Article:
Monday, April 02, 2018

Which foreign language should children learn in schools in Georgia?

Since Georgia is a small country with a language that people outside the country rarely know, it is not surprising that people in Georgia want their children to know a foreign language. CRRC’s Caucasus Barometer (CB) survey has regularly asked about a foreign language which, in people’s opinion, should be mandatory in secondary schools in Georgia. Since 2009, a majority of people in Georgia have named English as such foreign language, followed, with a large gap, by the Russian language. Other languages were named by less than 2% of the population and less than 10% said that no foreign language should be mandatory.

In 2017, 69% of the population named English and 22% Russian as the foreign languages that should be mandatory in the secondary schools of Georgia. Even though English has consistently been named as the most wanted language, the share of the population naming this language decreased from 68% in 2011 to 52% in 2012, and then rebounded to 69% between 2012 and 2017. In 2012, the share of the population that named Russian as the most desired foreign language in secondary schools doubled compared to previous years and reached 32%. However, it decreased again by 10 percentage points between 2012 and 2017.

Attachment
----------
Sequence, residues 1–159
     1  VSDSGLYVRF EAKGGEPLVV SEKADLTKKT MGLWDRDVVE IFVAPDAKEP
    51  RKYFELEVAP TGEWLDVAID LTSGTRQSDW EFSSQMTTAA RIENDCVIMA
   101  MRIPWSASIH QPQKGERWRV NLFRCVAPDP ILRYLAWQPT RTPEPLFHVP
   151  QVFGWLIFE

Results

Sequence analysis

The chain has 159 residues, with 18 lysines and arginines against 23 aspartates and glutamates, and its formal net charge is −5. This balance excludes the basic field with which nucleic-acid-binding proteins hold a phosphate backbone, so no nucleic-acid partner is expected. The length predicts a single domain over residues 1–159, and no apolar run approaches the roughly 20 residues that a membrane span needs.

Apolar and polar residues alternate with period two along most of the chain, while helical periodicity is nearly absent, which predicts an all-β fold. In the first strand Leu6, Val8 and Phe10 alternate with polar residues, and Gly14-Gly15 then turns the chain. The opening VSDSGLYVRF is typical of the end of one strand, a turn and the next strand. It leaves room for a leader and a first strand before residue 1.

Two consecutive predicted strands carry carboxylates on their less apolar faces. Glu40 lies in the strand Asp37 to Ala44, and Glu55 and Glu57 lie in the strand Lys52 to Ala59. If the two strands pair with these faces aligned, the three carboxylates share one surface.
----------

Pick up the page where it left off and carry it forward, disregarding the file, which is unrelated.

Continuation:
People of different ages and living in different settlement types have slightly different language preferences: 73% of people living in the capital or other urban settlements named English, while the share is lower (64%) in rural settlements. Moreover, young people tended to name English more often than older people.

The data also show that people who know English tend to suggest English should be a mandatory language in secondary schools more often than people who do not know English: 83% of those claiming to know English at an intermediate or advanced level said that this should be a mandatory language, compared to 63% of those who reported not to have basic knowledge of the language.

Despite the decline in 2012, the preference for English as a mandatory foreign language in Georgia’s schools is on the rise again. Those who know some English, live in the capital, and young people are more likely to support English being mandatory in Georgian schools.

To explore the data used in this blog post further, visit our Online Data Analysis platform.

1 comment:

Bill Chapman said...

I'm surprised to see no mention of the planned international language Esperanto? Esperanto has not yet gained the recognition it deserves, but, all things considered, it has actually done amazingly well. In just over 130 years, it has managed to grow from a drawing-board project with just one speaker in one country to a complete and living natural language with probably a couple of million speakers in over 120 countries and a rich literature and cosmopolitan culture, with little or no official backing and even bouts of persecution. It hasn't taken the world by storm - yet - but it's slowly but surely moving in that direction.

Esperanto has a long and distinguished history in the Caucasus. Go to FB page Esperanto en Kartvelio / ესპერანტო საქართველოში

lernu! არის მრავალენოვანი ვებგვერდი, რომელიც ინტერნეტმოყვარულებს საერთაშორისო ენა ესპერანტოს შესახებ ინფორმირებასა და მის მარტივად და უფასოდ შესწავლაში ეხმარება.